From Library Journal
Executive Ben Fielding hits upon a perfect plan: he will make his company millions of dollars by using Chinese labor to manufacture its electronic components. To kickstart his plan, he visits China, where he stays with college roommate Li Quan, whom he hasn't seen in over 20 years. From Li, Ben learns that his initial impressions of China from his research and from visits over the years are false, but Ben doesn't believe Li's stories of the persecution of Christians until Li is taken to jail. As Ben rediscovers Jesus through Li's faith, he discovers the truth that God does not promise an easy life on Earth, only eternal happiness after death. Part of this novel appeared as a short story in The Storytellers' Collection (LJ 9/1/00); here, its strength is magnified tenfold. Alcorn (Lord Foulgrin's Letters) lifts readers high with joy and casts them down in immeasurable sorrow as Ben and Li's story unfolds with intense emotional impact that recalls Sylvia Bambola's Refiner's Fire (LJ 6/1/00). Required for all collections.
Copyright 2001 Reed Business Information, Inc.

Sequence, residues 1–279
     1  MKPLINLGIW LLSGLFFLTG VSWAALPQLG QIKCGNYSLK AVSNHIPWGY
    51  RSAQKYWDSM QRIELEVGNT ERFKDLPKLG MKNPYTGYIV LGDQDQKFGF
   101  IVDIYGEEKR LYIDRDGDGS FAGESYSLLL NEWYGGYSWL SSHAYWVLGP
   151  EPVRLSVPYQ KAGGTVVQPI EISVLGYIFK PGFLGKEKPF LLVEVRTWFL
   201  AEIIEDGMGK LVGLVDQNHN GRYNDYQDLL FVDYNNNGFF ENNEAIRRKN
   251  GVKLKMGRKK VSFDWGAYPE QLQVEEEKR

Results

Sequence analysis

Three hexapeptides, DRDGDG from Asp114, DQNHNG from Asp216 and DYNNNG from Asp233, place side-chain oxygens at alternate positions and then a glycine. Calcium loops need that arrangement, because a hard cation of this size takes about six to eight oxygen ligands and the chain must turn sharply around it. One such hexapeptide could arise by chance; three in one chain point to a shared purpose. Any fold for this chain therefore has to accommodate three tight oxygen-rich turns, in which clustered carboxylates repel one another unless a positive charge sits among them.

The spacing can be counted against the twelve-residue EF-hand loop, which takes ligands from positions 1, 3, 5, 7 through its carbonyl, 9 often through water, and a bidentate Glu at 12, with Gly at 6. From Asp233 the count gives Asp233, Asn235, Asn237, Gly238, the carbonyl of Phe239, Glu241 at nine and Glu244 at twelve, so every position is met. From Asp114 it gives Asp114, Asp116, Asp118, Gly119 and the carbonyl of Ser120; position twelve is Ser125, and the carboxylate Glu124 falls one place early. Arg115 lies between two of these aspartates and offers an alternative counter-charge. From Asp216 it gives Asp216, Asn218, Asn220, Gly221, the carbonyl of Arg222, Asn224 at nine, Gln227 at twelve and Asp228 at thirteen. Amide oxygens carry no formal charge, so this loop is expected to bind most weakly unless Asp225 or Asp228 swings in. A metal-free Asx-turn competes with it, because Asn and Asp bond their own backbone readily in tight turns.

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While a fictional story, this is not art for art’s sake. There’s a strong message in this story of an American businessman who has lost his Christian faith. He travels to China, where he meets his college roommate, who is practicing Christianity in the midst of persecution. The persecution leads the American back to his faith. Steve Sever’s presentation of the Chinese voice is quite good; he captures the speech pattern of someone whose native language is Chinese. His deep voice is always clear and strong. However, this is the voice of a professional radio announcer, not the voice of a storyteller. And the voices from heaven are a bit hokey.
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M.L.C. 2002 Audie Award Finalist - © AudioFile Portland, Maine